The white cricket sings on sweet, resonant note. The mound shudders and, within it, a pair of eyes snaps open. The eyes belong to Roan.

And thus begins Dennis Foon’s first book in “The Longlight Legacy.” The post apocalyptic setting includes competition for power and control by surviving factions. Several years ago, Roan’s great grandfather and some of his followers founded the village of Longlight when they were forced to leave their settlement. Somehow, the Masters of the City had discovered their secret camp, and Roan’s great grandfather instructed the people to leave in groups and form new societies. Roan’s great grandfather was a visionary, and those skeptics who remained behind in the secret camp because they questioned the information he had received in one of his visions were killed.

Longlight was an anti violent settlement, and its residents were educated in the ways of peace. When the novel opens, Longlight has been destroyed by raiders, but fifteen year old Roan has survived the attack. Roan is taken in by a group of male warriors who call themselves Brothers and worship “The Friend.” The leader of the Brothers, Saint, is a huge and powerful man who claims that he was chosen by “The Friend” to lead the people. Under the tutelage of one of the Brothers, Roan discovers, to his surprise, that he has great facility as a fighter. Like his great grandfather, Roan is a visionary and experiences dreams and visions where a rat, a mountain lion and a goat woman speak to him. He also hears his sister in his dreams, and Roan knows that she is alive, although under the control of adversaries.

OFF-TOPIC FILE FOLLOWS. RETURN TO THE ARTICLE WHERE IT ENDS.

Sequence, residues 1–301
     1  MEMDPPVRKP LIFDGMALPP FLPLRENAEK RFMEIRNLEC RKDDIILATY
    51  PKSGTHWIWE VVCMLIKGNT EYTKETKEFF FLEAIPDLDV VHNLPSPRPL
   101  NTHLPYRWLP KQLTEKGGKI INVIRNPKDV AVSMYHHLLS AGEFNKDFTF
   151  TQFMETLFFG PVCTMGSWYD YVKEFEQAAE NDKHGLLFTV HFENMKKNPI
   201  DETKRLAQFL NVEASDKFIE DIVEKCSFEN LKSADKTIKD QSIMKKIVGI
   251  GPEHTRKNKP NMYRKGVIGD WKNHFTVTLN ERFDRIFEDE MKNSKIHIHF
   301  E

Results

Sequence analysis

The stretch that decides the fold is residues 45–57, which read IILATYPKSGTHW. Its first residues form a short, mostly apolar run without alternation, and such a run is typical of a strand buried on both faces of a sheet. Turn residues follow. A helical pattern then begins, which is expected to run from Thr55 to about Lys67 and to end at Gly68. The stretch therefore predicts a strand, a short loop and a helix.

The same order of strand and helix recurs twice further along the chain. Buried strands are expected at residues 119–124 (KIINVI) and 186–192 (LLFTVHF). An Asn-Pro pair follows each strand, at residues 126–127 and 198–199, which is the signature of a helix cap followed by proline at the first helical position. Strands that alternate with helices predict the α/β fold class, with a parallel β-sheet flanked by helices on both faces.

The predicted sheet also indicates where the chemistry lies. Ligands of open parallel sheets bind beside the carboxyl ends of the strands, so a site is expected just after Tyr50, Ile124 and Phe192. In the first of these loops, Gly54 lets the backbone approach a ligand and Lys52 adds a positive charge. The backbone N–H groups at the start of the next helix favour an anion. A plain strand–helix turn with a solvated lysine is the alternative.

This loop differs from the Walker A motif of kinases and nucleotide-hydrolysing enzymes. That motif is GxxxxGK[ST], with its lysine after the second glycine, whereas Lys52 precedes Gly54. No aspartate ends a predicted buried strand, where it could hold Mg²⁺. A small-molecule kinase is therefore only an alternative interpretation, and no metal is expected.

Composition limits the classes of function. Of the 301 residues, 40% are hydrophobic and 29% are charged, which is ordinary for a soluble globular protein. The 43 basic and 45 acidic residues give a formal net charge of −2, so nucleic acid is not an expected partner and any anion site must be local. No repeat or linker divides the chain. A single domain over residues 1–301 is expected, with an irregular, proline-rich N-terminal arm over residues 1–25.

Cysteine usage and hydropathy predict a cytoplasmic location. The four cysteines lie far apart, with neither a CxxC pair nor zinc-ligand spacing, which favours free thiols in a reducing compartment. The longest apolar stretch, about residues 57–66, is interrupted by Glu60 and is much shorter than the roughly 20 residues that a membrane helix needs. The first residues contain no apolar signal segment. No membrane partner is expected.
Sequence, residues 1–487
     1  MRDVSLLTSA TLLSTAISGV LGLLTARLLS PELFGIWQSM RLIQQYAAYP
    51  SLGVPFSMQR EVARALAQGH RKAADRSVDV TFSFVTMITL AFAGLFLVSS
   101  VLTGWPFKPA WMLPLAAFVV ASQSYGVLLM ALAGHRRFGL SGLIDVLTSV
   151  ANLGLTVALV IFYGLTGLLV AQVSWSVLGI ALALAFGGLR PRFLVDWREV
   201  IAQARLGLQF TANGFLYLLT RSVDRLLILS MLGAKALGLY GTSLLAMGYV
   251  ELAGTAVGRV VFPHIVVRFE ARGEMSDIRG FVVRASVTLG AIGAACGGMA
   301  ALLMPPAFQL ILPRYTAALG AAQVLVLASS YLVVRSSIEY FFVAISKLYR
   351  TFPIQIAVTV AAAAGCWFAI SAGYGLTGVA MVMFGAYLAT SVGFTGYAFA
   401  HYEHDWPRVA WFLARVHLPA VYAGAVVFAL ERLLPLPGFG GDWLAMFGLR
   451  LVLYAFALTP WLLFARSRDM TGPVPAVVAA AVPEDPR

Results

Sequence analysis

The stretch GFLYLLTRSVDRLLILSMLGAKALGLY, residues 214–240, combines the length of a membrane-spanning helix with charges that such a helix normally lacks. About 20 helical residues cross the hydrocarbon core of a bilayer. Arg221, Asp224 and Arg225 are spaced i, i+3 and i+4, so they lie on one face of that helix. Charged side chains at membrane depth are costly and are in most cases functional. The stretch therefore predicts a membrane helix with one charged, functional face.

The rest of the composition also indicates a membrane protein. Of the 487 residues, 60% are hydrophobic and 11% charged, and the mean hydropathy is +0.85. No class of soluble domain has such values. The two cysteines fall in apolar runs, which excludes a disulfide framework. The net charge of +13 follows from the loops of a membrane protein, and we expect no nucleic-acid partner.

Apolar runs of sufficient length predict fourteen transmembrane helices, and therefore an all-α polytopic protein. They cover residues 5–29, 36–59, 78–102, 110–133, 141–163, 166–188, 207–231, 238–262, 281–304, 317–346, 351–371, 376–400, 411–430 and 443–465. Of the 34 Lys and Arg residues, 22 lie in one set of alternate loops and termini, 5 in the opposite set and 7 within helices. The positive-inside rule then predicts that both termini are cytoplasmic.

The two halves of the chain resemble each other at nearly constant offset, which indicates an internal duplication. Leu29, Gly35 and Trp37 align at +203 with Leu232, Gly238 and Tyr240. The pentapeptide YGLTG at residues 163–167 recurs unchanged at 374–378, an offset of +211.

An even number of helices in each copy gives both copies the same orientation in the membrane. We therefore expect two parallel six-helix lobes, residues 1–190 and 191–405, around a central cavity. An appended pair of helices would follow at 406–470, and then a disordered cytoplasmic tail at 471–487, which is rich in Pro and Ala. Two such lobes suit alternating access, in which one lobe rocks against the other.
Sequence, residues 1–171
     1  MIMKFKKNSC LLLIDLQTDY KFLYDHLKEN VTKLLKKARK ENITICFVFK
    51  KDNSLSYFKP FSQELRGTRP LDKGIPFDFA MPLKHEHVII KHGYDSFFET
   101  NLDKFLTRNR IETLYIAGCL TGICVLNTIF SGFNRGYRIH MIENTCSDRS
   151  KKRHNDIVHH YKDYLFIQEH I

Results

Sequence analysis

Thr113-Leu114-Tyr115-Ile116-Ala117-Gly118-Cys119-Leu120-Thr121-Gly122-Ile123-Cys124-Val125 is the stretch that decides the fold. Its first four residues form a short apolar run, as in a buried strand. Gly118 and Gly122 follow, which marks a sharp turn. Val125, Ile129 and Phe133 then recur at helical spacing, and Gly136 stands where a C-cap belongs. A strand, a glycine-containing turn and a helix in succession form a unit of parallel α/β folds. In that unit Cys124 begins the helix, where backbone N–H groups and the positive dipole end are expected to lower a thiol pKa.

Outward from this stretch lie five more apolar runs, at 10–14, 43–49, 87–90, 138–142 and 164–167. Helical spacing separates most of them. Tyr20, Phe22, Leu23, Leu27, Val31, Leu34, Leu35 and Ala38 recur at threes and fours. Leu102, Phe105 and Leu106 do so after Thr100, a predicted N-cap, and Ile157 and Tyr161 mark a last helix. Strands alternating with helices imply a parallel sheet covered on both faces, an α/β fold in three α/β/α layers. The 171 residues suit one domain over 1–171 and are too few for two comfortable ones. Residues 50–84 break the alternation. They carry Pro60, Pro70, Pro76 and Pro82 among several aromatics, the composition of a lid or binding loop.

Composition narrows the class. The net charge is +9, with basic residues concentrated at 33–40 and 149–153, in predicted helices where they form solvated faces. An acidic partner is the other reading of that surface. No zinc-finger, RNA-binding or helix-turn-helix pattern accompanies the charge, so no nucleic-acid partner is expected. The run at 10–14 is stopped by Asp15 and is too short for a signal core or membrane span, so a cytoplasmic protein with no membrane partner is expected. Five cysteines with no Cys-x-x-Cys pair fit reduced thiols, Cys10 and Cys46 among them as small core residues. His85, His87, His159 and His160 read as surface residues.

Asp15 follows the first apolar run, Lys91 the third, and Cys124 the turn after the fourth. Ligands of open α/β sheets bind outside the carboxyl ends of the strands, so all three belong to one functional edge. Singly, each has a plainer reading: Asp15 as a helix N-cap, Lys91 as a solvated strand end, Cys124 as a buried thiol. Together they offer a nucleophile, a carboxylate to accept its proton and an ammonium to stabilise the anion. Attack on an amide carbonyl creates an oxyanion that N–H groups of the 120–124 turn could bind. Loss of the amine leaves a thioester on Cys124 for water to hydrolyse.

Roan begins his initiation into the Brotherhood, but when he learns the truth about Saint and the Brothers, he commits his first act of violence. Roan flees into the Devastation, the most wasted lands of all. He is befriended by Lumpy, an adolescent whose face is disfigured from Mor Ticks. Lumpy accompanies Roan on their perilous journey to the healing place. Once they reach their destination, they meet the Forgotten, people who survived the Abominations, and Roan learns more about the historical context that led to the Last Battles.

In the spring, Roan and Lumpy leave the Forgotten as Roan’s visions tell him that he must keep moving. On their travels, Roan is poisoned by a Nethervine thorn, and Lumpy assists his seriously ill friend in traveling to a village called Fairview. Roan is saved by a healer called Alandra, and it is through Alandra that Roan learns the reasons for the destruction of his village, the location of his sister, and his purpose in life. Of course, Roan must face Saint one more time before the conclusion of the novel.

Foon has created a believable and disturbing futuristic world where survivors struggle to subsist on post apocalyptic earth. However, through Roan and several other characters, there is hope for a renewed life. The multiple conflicts in the novel create energy and tension, and the characterization is strong throughout. Foon’s writing is taut and powerful, and the fast paced, evocative and compelling tale is totally engaging. This reader anxiously awaits the sequel, Freewalker. Highly Recommended. ****/4
– Sylvia Pantaleo, CM, Volume X Number 1, September 5, 2003